PRIDE: Levi holds a Jamaican flag
AH, I miss Jamaica. Even in the midst of one of the best summers that I can remember here in the UK, I still constantly reminisce about the land of my birth.
The images are always so clear; the memories, tastes and flavours are still vivid, even as I type. A steaming hot piece of roasted yellow yam, a little slice of garlic butter, with a piece of saltfish, washed down with a nice ice cold Red Stripe beer. Lowdahmercy!
This year, the island celebrates its 54th year of independence, which gives patriotic Jamaicans like me a window to be ‘bowsey’ (show off) and make noise about fi wi land!
My grandmother, Miss Miriam Small, used to say: ‘Fisherman never say fi him fish stink’. But if we Jamaicans can’t big up ourselves during our independence, when can we? So to all Jamaicans, whether on the blessed land or part of the Jamrock family worldwide, big up unu self!
We are the heartbeat of the biggest small island in the world. We produced one of the greatest philosophers of all time, Mr Marcus Mosiah Garvey; we birthed the Rastafari faith; and we produced the fastest man alive, while also continuing to inspire generations through our music and art.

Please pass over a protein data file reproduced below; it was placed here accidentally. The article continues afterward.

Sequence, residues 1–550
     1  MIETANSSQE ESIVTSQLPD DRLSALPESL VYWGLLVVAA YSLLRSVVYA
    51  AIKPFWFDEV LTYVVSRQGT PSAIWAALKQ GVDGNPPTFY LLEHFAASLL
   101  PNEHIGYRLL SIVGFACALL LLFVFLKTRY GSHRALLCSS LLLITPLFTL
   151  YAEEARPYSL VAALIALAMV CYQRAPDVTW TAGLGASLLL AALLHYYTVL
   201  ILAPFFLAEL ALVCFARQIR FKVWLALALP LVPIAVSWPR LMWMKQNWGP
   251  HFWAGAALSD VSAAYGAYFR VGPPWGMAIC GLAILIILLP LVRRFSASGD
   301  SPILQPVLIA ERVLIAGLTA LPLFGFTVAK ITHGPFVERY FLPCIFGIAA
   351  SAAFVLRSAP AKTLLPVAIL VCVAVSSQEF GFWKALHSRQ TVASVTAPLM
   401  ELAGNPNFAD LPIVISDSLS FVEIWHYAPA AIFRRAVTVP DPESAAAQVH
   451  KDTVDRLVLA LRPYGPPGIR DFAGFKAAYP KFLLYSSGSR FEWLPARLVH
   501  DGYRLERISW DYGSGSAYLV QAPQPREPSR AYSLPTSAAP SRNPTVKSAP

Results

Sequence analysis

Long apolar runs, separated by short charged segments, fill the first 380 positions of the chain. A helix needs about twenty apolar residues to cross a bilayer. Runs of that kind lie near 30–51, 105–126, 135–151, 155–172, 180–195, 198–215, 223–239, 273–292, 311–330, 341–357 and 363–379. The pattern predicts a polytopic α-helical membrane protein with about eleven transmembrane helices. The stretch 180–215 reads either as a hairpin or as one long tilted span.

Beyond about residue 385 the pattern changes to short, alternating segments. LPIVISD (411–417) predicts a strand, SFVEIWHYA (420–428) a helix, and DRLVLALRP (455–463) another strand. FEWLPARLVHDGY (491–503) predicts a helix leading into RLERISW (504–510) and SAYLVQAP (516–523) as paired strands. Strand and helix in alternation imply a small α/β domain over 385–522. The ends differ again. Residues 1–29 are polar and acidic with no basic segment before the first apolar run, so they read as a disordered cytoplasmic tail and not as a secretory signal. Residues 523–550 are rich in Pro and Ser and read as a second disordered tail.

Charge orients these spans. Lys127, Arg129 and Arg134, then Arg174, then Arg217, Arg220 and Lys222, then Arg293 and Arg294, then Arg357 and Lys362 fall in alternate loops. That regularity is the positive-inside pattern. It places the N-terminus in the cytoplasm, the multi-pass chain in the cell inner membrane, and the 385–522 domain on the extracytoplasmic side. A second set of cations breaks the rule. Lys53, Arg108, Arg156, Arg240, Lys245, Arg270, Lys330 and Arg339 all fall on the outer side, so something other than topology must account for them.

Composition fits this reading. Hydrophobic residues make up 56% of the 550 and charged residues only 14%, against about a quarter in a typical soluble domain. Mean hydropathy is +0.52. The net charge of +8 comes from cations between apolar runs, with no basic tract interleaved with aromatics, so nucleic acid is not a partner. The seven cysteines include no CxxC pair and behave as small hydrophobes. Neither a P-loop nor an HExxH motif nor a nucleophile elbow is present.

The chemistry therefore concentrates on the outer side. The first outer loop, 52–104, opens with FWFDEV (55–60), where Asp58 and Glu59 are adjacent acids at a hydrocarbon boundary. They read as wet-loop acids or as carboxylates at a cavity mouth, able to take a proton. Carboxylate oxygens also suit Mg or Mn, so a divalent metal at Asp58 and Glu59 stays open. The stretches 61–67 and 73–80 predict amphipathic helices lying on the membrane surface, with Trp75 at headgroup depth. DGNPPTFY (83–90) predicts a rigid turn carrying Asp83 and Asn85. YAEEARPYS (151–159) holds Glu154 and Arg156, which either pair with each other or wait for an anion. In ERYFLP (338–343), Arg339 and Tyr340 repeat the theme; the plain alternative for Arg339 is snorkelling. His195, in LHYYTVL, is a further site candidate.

But my grandmother, being the person she was, would also remind us that ‘Ah nuh di bird wha sing di best dat mek de best nest’. And this is true. Yes, Jamaica boasts wonders, mysteries and flamboyancy, which has always attracted people from across the globe. But despite having all of that, the island still has a huge bag of problems draped around its gorgeously chiselled neck; holding it down and preventing it from standing to its full, supermodel-like stature.
HOMECOMING: Sun, sea and sand welcomed Levi during a recent trip to Jamaica
Still, I continue to dream of my next visit. I will be taking along my son Christopher, who will soon be four years old – the perfect age to take it all in. I’d like him to have that connection from early doors. You and I know that ‘old fire-stick easy fi ketch’ and I feel that way whenever I reconnect with where I was born.
I remember seeing that little stream, now just a small trickle, meandering across the single street village called Content in Clarendon, where I was born.
Back then, when I was Christopher’s age, that tiny drip of water seemed to me like the mighty River Nile. I see that now, and it always relights my fire-stick.
On top of that, the 2016 Olympics is fast approaching, and with all the island’s negatives, we can still be the best when we want to be. As Jamaicans, I am sure we will all still be beating our chests, and carrying on ‘bowsey’, especially during the track and field events. Come on Jamaica!
More love, LR